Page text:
Liquidity is essential in the markets because it helps to set the pace of the negotiations that take place within them. As we have already mentioned, in a highly liquid or liquid market, the opening and closing of exchange operations is carried out very quickly. Quite the opposite of what happens in a low liquidity or illiquid market. This, of course, also means that in liquid markets the risk of operations is lower, compared to illiquid markets.

However, if you have been in the crypto world for some time, you have surely heard that the great liquidity of certain cryptocurrency markets attracts speculators and a well-known practice as pump and dump. This is true, and it is something to be quite careful about. But let's explain first what is pump and dump, and then you can understand the danger. First of all, the pump and dump is a strategy that seeks to increase the price of a cryptocurrency artificially. In this way, speculators seek to multiply the profits they can make by raising the price of a cryptocurrency.

The objective is to drive the price of the currency up to a point, and then flood the market by selling all its positions. This allows them to generate a large supply of coins with a price slightly lower than the market, but that gives them great returns. Outcome? Speculators make a lot of money, while those who participate in the system with few holdings and very late lose it. That is to say, this is only possible in markets with good liquidity, because they facilitate the exchange quickly.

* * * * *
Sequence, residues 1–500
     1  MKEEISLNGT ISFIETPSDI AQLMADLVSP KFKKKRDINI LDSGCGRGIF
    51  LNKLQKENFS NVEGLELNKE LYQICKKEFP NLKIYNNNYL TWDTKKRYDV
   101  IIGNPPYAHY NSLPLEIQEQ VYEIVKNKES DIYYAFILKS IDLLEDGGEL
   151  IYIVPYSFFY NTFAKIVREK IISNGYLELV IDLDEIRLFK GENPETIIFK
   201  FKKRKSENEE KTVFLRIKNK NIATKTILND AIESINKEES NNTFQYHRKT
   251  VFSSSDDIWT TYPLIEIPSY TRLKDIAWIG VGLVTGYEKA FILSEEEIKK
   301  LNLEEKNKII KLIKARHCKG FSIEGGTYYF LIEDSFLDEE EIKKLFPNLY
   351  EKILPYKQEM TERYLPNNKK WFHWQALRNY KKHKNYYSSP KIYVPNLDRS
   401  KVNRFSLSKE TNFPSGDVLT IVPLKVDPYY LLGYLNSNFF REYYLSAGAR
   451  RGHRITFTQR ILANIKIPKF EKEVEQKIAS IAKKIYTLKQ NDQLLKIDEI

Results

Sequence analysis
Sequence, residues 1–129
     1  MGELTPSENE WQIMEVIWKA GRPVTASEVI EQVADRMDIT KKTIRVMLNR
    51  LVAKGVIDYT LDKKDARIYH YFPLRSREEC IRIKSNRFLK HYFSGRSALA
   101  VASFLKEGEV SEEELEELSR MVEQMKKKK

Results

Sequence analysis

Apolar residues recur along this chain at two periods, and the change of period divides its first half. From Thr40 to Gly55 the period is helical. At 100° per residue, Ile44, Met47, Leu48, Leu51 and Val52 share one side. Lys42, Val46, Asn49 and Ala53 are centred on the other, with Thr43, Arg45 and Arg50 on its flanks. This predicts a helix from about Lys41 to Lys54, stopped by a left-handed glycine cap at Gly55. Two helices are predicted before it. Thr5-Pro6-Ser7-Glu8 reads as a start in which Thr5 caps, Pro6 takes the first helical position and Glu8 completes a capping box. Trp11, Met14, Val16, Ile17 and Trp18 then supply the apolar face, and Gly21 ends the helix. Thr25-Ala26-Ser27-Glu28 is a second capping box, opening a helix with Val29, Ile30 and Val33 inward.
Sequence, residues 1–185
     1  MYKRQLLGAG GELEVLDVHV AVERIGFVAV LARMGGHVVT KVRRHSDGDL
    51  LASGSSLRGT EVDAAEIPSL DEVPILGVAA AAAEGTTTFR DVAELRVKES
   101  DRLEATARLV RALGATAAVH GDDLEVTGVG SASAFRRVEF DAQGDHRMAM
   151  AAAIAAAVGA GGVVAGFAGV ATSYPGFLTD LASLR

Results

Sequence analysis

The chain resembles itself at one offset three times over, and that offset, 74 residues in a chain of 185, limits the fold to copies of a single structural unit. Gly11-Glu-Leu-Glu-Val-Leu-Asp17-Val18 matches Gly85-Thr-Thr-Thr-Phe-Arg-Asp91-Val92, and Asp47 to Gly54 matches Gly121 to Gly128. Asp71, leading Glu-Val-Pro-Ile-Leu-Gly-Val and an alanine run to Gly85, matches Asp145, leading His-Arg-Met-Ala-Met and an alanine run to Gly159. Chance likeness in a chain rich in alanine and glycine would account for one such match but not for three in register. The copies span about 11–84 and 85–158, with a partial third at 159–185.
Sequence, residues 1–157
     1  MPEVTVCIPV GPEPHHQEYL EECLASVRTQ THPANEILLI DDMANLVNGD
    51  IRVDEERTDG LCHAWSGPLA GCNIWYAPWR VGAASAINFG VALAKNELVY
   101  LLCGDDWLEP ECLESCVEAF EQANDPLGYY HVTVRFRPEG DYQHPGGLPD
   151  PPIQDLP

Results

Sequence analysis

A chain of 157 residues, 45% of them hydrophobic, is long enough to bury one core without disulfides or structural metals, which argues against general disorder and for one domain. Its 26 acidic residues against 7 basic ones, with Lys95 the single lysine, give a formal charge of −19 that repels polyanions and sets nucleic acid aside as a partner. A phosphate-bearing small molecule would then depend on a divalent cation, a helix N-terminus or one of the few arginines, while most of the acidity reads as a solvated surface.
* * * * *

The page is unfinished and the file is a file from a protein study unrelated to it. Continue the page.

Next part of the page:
You may see this as a negative and undesirable point. But the truth is that it also has its advantages, since more people enter the system and generally the decline ends up positioning the price in a range higher than the initial mark of the pump and dump. In addition, liquidity will also increase and in general the dynamism of the market will be greater.